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Domenicali safe...but should he be?

Ferrari is in a title drought and a general slump in competitive form. Unable to win races and challenge Red Bull recently even at circuits where the Milton Keynes team is expected to struggle. Who is ultimately responsible?
Tuesday, September 17, 2013

September 17th, 2013 (F1plus/E. Black).- There have been many changes at Ferrari over its extensive history in Formula One, including several which did not make a dent in its 21 year title drought previously. Might the Italian team be stuck in an unfruitful lull again despite their best efforts, or are the obvious changes just not being made?

Ferrari President Luca Di Montezemolo tells Italy’s Gazzetta dello Sport that Domenicali is safe.

"He was the first to advocate the choice of Kimi. He has worked well, preparing for the future and now I expect to see results in the present. But, over the past three years, we have lost two world titles at the last race and it was not his fault..."

There have been many people in and out of the sport that have suggested that perhaps it's time for Domenicali to step aside. Stefano has been with the team in many capacities for several years (see history below).

He has tasted hard losses and celebrated the Ferrari dominant era in the Todt/Brawn/Schumacher regime. Under his guidance however, Ferrari seem to have struggled to seal the deal in recent years.

After taking over as Team Principle in 2008, Ferrari captured the Constructor's championship under Domenicali. Massa just missed the championship by a whisker in torrential rain in the final round to Lewis Hamilton.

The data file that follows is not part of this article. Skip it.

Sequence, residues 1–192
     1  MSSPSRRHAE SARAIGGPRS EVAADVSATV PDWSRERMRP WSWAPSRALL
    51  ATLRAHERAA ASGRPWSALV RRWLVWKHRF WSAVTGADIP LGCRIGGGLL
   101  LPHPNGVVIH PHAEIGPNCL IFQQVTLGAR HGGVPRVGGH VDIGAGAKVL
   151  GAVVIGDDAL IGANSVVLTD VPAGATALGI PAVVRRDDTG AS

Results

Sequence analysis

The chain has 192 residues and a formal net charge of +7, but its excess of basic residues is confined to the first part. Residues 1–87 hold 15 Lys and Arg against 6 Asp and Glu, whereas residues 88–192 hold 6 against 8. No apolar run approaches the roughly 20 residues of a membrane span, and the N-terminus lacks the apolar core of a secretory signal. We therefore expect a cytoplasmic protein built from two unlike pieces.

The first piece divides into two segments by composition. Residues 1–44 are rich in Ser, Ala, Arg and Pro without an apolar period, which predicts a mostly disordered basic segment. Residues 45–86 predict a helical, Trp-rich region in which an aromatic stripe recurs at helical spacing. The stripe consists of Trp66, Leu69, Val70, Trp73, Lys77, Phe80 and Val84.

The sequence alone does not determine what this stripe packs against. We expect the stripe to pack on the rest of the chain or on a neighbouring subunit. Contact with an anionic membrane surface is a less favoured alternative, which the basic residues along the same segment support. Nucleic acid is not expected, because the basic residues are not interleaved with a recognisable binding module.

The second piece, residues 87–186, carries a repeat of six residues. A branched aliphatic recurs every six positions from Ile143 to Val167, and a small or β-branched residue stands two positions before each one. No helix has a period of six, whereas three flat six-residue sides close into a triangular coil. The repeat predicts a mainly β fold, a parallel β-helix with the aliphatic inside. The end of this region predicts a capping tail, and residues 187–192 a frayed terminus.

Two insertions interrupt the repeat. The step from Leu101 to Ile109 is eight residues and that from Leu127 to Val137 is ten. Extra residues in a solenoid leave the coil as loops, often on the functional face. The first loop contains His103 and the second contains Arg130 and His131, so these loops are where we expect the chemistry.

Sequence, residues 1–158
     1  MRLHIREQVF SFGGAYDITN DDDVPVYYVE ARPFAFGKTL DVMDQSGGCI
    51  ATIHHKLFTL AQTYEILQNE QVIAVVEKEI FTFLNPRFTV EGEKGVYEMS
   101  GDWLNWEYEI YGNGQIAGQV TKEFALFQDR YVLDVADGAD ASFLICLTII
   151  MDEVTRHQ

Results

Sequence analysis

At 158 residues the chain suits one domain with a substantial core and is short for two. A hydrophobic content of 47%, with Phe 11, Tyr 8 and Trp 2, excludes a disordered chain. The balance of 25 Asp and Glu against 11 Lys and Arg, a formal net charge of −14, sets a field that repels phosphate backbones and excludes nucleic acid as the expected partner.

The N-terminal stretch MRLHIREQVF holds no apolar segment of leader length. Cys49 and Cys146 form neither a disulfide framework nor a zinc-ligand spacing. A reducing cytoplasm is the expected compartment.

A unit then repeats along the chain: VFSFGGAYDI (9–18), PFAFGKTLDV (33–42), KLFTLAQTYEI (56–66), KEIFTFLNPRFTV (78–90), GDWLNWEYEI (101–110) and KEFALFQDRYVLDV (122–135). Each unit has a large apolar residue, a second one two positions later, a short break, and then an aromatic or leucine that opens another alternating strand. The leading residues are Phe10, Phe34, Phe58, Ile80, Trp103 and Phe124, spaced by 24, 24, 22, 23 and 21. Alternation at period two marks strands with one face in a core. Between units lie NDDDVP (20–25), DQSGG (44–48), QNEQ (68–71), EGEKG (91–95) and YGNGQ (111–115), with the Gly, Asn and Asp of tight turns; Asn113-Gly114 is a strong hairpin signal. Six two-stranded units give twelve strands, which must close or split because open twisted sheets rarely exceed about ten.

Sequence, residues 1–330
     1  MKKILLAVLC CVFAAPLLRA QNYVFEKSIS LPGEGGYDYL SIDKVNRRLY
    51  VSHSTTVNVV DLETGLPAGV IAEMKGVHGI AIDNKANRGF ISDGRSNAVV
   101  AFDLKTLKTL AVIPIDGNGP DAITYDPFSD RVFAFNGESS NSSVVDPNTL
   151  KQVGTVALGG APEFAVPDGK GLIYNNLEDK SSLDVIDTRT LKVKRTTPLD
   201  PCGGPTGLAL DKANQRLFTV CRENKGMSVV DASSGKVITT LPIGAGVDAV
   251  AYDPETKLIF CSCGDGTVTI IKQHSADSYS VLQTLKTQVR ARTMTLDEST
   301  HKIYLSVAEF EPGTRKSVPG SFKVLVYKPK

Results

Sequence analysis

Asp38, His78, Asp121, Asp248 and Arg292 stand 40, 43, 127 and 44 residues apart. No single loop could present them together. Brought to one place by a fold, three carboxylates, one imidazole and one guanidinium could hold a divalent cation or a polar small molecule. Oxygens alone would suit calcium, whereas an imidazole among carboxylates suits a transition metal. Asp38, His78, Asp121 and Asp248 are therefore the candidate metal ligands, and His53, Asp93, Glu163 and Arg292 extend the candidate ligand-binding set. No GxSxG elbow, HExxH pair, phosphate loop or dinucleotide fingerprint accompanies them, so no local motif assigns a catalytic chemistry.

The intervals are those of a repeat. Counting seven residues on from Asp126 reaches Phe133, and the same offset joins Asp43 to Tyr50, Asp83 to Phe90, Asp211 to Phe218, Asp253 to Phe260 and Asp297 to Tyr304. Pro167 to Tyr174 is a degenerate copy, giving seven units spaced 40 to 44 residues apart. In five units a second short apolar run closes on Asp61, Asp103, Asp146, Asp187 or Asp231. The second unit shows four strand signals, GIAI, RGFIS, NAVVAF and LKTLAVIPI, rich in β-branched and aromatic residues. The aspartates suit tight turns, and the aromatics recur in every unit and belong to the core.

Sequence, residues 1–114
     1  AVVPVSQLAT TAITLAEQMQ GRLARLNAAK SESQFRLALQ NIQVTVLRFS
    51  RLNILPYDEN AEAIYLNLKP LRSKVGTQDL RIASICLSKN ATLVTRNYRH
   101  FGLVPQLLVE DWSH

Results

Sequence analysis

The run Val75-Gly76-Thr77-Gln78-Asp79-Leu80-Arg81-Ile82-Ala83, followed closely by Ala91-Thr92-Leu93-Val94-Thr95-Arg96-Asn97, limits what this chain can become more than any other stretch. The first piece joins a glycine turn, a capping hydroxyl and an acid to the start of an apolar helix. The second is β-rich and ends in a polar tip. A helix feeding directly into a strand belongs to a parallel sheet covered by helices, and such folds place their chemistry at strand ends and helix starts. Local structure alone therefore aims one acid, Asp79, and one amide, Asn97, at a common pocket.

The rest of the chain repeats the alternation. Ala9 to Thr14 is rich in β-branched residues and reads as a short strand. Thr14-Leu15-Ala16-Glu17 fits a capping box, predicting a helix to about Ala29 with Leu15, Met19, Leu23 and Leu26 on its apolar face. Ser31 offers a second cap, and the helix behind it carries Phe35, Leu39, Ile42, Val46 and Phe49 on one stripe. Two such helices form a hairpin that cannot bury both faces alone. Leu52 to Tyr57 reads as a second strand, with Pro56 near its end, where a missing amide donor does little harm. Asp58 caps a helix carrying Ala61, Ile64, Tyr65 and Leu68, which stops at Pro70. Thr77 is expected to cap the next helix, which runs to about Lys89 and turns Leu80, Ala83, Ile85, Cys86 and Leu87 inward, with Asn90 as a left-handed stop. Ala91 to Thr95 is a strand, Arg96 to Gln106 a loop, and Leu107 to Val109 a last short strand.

Again, Ferrari missed winning the championships in 2010 and 2012 with Fernando Alonso getting close enough to almost taste the champagne. The team may have failed by no direct fault of Stefano's at all (as LDM points out), however, one must concede that the fact remains that under his leadership, the drought continues.

In 2009, the team seemed to be in a state of collapse. The car was not competitive and star driver Kimi Raikkonen seemed to be disinterested or unmotivated. The finger had been pointed to the Wind Tunnel for either issues with calibration or correlation. Even after picking up and heading north of Maranello to Cologne to use Toyota's wind tunnel, problems still exist in the area of aerodynamics four years later.

One must wonder if heads would have rolled under previous Ferrari leadership or if the leaders themselves would have been looking for work by now...

Here are some questions to ponder:

  1. How far should loyalty take you in F1?
  2. What would you do if you were in Di Montezemolo's shoes?
  3. Have enough changes been made with the new hires (Alison, De Beer etc...) to address the problems?
  4. Will signing Kimi ultimately be a good thing for Ferrari or will having two #1 drivers work against the team?

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